Coaching rumblings in Detroit and Portland

The coaching market will evolve in different phases. The possibility always exists for several coaches to be dismissed after missing out on the postseason. It could also serve veteran candidates like Budenholzer, Borrego and Atkinson well to wait for potential openings that may come from early playoff casualties. Entering last spring’s postseason, few forecasted both Budenholzer and Williams would be out of Milwaukee and Phoenix, respectively.

For now, at the bottom of the standings, there has been ongoing speculation among rival front offices about a potential change atop Detroit’s organizational chart following the Pistons’ strugglesome campaign. At this juncture, according to one source with knowledge of the situation, there is no expectation that Williams would be open to any buyout of his six-year, $78.5 million contract.

NBA coaching figures have also circled Portland, currently slated for the fifth-best odds in next month’s draft lottery, as a possible coaching situation to monitor because of the Blazers’ position in the standings. However Chauncey Billups, who learned Wednesday he was named to the 2024 Hall of Fame class, answered a question from Yahoo Sports on the same day, indicating he is quite eager for the opportunity to try to lead Portland into the playoff picture in 2024-25, with a healthier roster that’s better constructed to go against the game’s best opponents.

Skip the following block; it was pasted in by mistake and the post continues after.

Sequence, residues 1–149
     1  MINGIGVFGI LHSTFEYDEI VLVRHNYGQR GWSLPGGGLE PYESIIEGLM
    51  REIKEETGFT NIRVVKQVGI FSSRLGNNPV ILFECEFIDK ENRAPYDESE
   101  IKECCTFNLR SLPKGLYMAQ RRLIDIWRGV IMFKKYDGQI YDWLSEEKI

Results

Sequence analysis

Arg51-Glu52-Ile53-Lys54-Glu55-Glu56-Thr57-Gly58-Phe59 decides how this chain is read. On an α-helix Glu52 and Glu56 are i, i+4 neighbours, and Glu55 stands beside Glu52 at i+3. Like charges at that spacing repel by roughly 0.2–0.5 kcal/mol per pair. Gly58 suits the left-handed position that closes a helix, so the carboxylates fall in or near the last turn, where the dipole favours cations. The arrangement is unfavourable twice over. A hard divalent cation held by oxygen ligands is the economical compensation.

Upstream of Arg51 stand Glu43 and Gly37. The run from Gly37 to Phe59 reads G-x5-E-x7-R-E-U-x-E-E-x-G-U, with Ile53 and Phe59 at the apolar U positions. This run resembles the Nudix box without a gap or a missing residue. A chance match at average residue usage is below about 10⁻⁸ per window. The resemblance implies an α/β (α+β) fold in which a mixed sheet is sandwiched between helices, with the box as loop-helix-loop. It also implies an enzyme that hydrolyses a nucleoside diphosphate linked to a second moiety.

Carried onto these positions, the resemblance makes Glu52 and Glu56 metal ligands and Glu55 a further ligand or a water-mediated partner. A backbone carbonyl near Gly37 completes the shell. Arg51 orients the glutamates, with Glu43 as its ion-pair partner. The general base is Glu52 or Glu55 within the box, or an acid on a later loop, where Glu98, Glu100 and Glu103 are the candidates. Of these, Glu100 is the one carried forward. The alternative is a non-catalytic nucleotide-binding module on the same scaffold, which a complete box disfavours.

“It’s been a tough couple of years for us, three now. We’ve just had so much influx on our roster and so much bad luck with health and things like that. And I’m just here every day just grinding through it. Helping my guys the best way I can and just hoping that hopefully the next time around, next year, we’re healthy, we’re better, our roster is ready to really, really compete,” Billups said. “Because I just know personally, myself, I’m light years ahead of where I was when I took the job, obviously being a first-time [head] coach. And I’m really ready for that challenge and that pressure to go out and compete with these best teams and stuff. I’m really ready for that. So, I just hope that we can be in that position, that’s all.”